Maryland elects Eugene Sutton as 14th bishop

The Rev. Canon Eugene Taylor Sutton was elected March 29 as the 14th bishop of the Episcopal Diocese of Maryland.

Sutton, 54, canon pastor at Washington National Cathedral and director of the Center for Prayer and Pilgrimage (Diocese of Washington), was elected the first ballot out of a field of five nominees. The election took place at St. James’ Church, Lafayette Square, Baltimore.

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Posted in * Anglican - Episcopal, Episcopal Church (TEC), TEC Bishops

6 comments on “Maryland elects Eugene Sutton as 14th bishop

  1. BCP28 says:

    This was, by far, the best of the choices available. I think the vote reflects that.

  2. Chris Hathaway says:

    This is from his essay presented to the diocese:

    our call to be “one as Jesus and the Father are one” is not a call for “uniformity” – as if we all agree, having the same liturgical practices, having the same theological/ethical positions, etc. – but rather is a call for unity in love, prayer and mission.

    So, apparently, it is unity for unity’s sake, regardless of theological or ethical (read moral) differences, or liturgical differences (read SS blessings?). Another party man happy to keep the train rolling on toward the coming wreck. But at least he and his diocese will be riding in the dining car sipping a nice cream sherry.

  3. Irenaeus says:

    Chris [#2]: Canon Sutton may well believe theological or moral differences unimportant, but your quote doesn’t prove it.

    Orthodox Anglicans don’t hold all the same theological positions. To take only one example, think of Paul Zahl and his critics. Nor do we believe it essential to have exactly the same liturgical practices: there’s lots of room between Low and High.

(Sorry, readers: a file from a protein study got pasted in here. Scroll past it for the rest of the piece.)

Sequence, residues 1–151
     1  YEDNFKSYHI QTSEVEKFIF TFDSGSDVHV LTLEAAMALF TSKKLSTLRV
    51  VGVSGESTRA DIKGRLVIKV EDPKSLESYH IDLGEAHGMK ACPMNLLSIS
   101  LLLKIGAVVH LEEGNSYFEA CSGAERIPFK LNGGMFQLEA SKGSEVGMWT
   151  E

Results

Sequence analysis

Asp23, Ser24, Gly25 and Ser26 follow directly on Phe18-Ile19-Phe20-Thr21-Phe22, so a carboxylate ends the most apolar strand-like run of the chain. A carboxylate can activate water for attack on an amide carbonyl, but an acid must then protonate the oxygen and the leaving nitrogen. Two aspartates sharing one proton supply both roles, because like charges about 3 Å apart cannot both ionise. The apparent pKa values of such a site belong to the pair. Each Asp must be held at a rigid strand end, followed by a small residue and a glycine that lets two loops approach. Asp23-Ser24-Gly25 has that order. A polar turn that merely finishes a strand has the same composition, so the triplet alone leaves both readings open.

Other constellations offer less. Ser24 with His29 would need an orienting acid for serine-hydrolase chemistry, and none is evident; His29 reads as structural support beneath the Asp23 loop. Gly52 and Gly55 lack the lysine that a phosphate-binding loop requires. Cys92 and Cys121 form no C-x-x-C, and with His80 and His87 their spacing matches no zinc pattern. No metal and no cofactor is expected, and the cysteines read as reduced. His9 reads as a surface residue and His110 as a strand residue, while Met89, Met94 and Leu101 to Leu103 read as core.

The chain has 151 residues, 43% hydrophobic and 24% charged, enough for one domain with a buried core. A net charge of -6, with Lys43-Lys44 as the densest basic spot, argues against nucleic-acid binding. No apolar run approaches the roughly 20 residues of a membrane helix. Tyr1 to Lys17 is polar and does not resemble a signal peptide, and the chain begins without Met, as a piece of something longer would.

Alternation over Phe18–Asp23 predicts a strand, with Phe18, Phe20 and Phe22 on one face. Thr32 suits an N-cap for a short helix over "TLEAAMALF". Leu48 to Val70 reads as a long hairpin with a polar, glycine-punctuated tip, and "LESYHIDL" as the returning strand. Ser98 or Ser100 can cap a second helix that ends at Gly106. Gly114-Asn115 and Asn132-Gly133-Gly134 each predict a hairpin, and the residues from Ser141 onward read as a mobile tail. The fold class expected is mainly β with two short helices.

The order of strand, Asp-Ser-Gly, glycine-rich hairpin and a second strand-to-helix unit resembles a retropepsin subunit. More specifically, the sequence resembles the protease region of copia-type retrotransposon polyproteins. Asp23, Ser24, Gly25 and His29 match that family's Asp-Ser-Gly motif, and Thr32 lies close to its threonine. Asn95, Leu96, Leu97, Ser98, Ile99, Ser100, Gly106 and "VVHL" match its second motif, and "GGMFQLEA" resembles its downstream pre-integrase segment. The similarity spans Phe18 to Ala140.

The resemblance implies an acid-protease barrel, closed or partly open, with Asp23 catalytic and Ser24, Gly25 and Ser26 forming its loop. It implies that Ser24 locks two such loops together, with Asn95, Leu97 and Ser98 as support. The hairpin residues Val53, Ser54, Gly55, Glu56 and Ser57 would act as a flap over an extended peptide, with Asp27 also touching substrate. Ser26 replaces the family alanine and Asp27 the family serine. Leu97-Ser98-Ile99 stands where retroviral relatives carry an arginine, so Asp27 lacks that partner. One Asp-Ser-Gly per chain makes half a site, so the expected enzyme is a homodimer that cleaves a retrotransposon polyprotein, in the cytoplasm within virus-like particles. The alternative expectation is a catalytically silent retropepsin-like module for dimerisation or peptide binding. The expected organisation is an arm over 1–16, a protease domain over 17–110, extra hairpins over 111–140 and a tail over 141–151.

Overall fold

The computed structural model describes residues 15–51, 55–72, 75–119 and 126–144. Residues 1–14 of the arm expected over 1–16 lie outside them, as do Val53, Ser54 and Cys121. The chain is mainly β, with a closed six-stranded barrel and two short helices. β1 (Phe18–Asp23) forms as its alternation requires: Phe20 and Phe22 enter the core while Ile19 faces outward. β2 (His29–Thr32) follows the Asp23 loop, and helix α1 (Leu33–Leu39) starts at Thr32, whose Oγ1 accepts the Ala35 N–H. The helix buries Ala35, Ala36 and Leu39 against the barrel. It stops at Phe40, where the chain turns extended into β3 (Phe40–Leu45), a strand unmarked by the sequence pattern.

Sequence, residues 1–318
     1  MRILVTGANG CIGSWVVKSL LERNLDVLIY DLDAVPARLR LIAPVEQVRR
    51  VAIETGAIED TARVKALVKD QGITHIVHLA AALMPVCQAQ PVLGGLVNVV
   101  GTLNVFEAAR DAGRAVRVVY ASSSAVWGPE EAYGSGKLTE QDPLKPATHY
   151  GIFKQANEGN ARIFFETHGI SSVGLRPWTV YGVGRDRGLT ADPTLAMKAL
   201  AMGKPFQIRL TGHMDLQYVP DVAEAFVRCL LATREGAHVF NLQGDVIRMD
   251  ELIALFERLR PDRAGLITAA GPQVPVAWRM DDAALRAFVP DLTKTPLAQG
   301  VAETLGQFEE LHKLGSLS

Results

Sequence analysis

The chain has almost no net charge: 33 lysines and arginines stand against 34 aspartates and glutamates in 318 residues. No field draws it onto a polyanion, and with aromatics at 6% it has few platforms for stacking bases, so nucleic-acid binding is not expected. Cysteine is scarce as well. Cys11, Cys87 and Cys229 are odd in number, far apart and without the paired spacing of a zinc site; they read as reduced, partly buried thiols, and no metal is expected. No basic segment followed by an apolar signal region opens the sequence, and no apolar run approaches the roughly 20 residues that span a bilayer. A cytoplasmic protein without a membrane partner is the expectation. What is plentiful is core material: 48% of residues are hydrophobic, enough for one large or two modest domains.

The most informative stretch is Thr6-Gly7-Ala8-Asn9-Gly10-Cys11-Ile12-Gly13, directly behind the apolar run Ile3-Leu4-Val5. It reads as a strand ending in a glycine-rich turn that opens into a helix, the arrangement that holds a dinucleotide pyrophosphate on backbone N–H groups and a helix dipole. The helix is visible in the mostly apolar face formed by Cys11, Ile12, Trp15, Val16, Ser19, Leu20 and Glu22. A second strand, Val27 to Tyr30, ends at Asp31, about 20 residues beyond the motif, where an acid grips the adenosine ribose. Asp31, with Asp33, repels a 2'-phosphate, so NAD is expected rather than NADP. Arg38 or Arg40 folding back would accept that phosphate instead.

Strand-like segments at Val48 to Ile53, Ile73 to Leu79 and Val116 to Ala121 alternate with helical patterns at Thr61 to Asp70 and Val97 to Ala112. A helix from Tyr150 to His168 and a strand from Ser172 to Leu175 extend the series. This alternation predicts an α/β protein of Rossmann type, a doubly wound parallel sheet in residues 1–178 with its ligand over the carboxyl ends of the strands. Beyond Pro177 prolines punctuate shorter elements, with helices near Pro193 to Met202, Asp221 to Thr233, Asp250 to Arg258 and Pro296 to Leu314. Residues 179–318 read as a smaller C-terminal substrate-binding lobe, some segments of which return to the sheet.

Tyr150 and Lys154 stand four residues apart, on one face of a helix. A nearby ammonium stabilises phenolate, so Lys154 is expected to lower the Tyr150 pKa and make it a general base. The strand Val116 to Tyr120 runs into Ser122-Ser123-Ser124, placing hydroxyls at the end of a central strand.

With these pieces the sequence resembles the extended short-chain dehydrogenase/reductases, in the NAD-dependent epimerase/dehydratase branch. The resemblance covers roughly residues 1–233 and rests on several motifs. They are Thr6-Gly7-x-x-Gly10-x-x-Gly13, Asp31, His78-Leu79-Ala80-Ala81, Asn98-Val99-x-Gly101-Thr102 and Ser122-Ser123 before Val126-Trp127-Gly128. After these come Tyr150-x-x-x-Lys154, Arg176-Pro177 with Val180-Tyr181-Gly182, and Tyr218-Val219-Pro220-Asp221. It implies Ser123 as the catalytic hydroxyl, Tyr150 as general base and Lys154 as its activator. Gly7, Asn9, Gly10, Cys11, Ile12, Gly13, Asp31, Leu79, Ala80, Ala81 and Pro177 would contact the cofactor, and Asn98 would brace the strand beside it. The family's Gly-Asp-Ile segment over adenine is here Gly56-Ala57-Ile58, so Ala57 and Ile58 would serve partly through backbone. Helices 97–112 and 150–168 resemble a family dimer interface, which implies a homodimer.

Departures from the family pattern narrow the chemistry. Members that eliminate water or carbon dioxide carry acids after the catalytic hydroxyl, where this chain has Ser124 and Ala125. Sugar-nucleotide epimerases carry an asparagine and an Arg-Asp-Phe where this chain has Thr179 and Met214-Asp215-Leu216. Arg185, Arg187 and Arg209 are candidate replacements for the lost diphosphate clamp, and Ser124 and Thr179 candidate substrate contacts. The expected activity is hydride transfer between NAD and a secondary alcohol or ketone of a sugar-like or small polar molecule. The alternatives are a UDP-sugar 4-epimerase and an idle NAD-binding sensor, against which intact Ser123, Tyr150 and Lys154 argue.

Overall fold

4. BCP28 says:

    DioceseMD is diverse, to say the least. And while low and liberal is our current default state, there are still plenty of high churchmen and anglo-catholics, and a few traditional evangelicals running around. My impression was not that Canon Sutton found theological differences unimportant, but that what binds us together can endure that which threatens to tear us asunder.


  5. Chris Hathaway says:

    Irenaeus, context is everything. In the context of what TEC is going through at this moment what else can such a statement mean except the obvious? What could be the probable motivation to say that?

  6. C. Wingate says:

    What it means, Chris, is that Maryland is a theologically diverse diocese which has had the potential for some time of going the way of Washington. The clergy is dominated by liberals who have had to be kept in check as it is. That’s the local context. There is simply no way that the diocese would pick someone who like Stanton or Iker; the best we could manage is not to pick someone like Bennison or Chane. You can ridicule that pathetic hope, I suppose, but some of us have to go to church.